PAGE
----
That story noted the achievements of Chinese e-sports teams, with China picking up gold and silver at the Asian Games, which unlike the Olympics already includes e-sports in the medal events. China recognized e-sports as an official sport as far back as 2003, and has a national team.
"The e-sports industry has taken off at the speed of light, allowing many people to see this emerging career track," the July story states. "E-sports is never equal to [physical] games, and jobs in e-sports don't always mean 'playing games every day.' The players sitting in front of the computer are just a small part of the most eye-catching part of the industry chain."
You can hear the conflict in those words. "Yay, we're great at e-sports and winning!" "This tech industry is booming." "And oh, wait, it's not just about playing videogames."
E-sports is about playing videogames, of course. The support staff wouldn't have their jobs if there weren't teams out there wining prize money. Yes, there are coaches, broadcasters, team managers, nutritionists and personal trainers for that matter. But they are there to support the winning of digital titles.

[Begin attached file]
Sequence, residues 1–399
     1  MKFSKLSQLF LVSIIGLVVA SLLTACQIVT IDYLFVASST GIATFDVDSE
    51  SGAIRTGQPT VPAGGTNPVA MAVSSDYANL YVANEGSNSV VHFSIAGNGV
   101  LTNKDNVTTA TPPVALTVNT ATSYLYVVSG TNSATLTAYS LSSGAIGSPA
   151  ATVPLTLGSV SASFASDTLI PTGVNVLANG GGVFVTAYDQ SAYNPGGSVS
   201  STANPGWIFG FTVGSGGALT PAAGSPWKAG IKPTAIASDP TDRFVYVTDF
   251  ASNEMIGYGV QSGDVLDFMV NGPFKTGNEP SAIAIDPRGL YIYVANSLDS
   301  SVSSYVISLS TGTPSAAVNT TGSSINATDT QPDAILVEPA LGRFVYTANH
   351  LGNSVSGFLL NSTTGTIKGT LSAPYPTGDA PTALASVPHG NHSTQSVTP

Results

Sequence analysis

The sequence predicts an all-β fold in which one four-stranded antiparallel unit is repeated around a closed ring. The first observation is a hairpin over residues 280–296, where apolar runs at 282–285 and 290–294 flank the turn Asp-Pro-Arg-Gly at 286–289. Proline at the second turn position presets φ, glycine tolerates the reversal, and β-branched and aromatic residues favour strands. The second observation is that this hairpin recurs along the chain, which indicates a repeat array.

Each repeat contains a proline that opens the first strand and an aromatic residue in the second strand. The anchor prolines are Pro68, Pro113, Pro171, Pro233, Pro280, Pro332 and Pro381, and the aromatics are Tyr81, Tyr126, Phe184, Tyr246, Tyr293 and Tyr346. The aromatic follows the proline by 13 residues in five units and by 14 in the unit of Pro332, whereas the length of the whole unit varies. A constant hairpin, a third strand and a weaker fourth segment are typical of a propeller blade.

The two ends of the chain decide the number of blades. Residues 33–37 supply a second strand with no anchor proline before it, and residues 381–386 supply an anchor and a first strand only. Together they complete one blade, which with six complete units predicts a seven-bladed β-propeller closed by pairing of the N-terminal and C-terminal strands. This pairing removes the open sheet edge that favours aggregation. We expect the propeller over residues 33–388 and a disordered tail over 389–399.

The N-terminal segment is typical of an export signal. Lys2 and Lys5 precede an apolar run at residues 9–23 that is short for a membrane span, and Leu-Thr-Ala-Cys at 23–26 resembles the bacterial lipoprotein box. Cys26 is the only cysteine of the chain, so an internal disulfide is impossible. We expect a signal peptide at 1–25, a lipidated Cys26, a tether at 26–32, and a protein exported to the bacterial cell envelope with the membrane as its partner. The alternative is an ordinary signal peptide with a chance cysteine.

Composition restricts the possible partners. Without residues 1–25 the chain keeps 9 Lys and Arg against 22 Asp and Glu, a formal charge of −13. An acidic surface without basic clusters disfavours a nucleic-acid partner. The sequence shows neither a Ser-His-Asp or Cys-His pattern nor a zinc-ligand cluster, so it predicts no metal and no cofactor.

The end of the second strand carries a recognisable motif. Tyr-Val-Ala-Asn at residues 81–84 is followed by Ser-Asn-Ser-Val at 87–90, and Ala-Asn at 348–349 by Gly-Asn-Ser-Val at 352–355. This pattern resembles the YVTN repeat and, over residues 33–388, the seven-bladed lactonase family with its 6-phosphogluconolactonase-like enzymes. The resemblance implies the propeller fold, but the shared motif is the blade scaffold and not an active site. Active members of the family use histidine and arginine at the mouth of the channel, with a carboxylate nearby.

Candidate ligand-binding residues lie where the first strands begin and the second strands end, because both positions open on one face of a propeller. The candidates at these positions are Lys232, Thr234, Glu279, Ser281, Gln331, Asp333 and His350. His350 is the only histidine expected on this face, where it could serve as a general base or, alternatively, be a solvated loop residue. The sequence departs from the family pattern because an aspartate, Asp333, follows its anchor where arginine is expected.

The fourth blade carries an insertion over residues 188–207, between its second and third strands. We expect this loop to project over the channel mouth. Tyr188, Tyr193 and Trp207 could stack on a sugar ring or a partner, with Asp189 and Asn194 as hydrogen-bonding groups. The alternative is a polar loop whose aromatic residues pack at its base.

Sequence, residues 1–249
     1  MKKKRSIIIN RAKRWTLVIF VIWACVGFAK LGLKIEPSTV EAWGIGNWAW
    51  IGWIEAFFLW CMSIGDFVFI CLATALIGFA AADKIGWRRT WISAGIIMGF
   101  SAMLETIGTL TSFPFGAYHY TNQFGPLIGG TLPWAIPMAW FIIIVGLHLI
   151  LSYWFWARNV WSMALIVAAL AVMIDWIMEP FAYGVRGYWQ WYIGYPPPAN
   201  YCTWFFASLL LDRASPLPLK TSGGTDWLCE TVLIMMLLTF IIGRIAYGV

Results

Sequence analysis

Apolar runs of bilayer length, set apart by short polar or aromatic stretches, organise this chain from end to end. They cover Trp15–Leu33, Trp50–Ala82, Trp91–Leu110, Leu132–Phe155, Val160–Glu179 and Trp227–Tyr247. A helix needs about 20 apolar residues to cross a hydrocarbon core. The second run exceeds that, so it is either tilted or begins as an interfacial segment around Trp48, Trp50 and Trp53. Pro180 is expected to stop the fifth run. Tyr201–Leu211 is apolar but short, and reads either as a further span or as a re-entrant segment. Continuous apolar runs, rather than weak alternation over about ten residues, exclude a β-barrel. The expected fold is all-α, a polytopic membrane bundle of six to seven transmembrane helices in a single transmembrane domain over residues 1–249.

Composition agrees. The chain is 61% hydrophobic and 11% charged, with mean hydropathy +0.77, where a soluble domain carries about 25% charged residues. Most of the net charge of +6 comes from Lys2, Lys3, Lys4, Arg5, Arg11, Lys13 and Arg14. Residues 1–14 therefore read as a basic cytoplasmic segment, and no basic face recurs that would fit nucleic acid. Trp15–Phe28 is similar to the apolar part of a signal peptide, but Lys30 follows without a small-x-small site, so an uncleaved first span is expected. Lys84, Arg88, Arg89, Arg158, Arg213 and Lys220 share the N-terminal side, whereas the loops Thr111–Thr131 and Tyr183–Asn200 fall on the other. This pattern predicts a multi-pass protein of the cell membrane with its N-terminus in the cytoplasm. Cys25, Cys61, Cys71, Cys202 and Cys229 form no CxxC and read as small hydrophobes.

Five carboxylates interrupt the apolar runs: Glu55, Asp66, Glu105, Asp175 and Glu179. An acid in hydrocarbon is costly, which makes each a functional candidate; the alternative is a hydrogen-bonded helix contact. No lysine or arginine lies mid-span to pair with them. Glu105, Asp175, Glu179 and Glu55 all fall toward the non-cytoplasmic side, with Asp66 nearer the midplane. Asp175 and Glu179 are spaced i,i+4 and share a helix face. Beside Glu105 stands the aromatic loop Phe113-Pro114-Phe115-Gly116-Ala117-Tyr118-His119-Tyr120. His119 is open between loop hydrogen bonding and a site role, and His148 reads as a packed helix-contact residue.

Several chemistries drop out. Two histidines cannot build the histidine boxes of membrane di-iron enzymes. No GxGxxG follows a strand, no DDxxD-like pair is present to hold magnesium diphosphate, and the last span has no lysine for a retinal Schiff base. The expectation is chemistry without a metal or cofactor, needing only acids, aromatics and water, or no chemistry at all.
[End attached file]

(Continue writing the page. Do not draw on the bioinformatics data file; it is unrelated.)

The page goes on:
I'm not alone in feeling conflicted about e-sports. Should they really be in the Olympics? That's a tough sell. As a gamer myself, I appreciate the prowess of top players. I don't totally understand the way my kids can watch YouTubers play Minecraft for hours on end, instead of just playing the game themselves. But I can understand how it can become a spectator sport.
We are also in conflict with how we teach and parent our children. It's tough to tell kids that, "Boo, videogames will rot your brain," and then add "Why don't you hop on your iPad to do your homework?"
So the preachy nature of the Economic Information Daily is no surprise. Videogames and screen time join vaping, the "blackout challenge," TikTok, hard drugs, teen sex and rap in a long list of behaviors sure to scare certain parents silly.
Is that really accurate? We need a more nuanced view. An Oxford University study released late last year found that playing videogames can be good for your mental health. And of course "open-world" games like The Legend of Zelda: Breath of the Wild, The Witcher 3 and the Elder Scrolls V have proved a way to explore new worlds even when you can't leave your four walls during lockdown.
Andrew Przybylski, the lead researcher of the Oxford study, says he has no doubt that research will uncover and document "toxic" aspects of games. But he is also demanding a greater scientific understanding of a significant leisure activity that to date has scant academic and health-policy research.